A night match at Arthur Ashe: September
and it’s summer a little while longer

so long as these breezes drift in,
so long as Alcaraz

at nineteen fucking unreal
in Gerald Marzorati’s phrase

returns most anything the veteran
Čilić sends his way

and three hours fifty-three minutes go by—
relentless shot-making, vicious, precise.

My father says watching tennis
for hours is a waste: Isn’t it boring?

The noise of time does not sadden me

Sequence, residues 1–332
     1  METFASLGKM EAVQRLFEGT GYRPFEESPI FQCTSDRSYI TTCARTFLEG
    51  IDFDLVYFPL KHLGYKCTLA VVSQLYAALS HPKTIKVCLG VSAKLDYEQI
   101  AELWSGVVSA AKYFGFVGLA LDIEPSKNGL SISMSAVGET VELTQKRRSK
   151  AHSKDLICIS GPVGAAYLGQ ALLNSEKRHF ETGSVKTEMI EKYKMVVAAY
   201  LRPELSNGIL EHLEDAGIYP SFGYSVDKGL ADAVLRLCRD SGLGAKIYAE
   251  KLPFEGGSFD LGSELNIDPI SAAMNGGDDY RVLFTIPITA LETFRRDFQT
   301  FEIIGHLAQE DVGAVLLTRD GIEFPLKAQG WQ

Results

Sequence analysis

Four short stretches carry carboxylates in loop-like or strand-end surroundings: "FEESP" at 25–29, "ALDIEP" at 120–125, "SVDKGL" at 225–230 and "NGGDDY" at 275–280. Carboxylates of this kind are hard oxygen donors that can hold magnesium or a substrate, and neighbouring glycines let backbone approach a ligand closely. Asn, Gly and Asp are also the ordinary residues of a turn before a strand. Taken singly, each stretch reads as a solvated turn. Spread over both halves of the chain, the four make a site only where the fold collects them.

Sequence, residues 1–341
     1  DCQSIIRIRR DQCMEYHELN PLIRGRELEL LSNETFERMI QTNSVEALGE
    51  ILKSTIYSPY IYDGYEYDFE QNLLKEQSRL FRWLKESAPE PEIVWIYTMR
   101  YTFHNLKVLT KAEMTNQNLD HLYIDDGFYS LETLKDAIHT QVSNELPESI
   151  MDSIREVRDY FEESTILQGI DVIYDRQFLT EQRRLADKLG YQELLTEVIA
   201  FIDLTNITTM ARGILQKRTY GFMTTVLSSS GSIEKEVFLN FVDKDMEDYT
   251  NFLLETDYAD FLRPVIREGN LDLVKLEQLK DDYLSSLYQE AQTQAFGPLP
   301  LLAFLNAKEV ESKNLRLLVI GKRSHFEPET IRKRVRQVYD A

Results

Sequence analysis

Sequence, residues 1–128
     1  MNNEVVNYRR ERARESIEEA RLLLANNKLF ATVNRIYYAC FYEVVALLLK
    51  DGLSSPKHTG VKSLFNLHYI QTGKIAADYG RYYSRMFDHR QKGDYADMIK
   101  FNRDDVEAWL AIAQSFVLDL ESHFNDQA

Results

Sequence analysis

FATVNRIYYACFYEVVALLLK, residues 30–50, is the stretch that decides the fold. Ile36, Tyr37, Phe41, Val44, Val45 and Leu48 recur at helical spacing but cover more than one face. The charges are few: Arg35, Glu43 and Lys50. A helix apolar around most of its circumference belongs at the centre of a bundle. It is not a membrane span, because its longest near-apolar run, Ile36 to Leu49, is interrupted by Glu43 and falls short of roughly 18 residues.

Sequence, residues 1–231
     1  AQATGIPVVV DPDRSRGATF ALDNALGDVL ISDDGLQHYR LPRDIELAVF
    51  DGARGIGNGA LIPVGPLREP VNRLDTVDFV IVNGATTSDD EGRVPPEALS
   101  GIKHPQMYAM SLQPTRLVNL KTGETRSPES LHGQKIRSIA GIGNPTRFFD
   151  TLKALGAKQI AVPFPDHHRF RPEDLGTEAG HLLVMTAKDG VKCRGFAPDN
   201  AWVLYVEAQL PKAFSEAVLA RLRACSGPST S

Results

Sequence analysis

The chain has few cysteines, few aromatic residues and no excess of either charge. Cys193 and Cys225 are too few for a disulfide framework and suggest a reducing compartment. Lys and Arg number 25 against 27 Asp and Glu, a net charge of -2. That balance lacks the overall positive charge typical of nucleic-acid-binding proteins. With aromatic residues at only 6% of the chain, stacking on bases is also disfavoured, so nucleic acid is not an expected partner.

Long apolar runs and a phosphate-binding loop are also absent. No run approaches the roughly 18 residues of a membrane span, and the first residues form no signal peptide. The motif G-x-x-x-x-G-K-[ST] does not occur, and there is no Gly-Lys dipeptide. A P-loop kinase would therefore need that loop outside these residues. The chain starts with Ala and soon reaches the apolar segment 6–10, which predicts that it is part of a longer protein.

runs the book I flip through during breaks

till my eyes grow too tired—no one I know
will pay Ticketmaster’s ransom to join me.

And then the 2:30 AM walk back
across the quaint bridge to the 7 train,

heading home among strangers
who’ve seen it through, something joining us briefly—

as when the voice of someone shushing someone
carries through the hush of the stadium

as when long rallies give rise to the stasis
I go in for—Ashe, a night match, end of summer.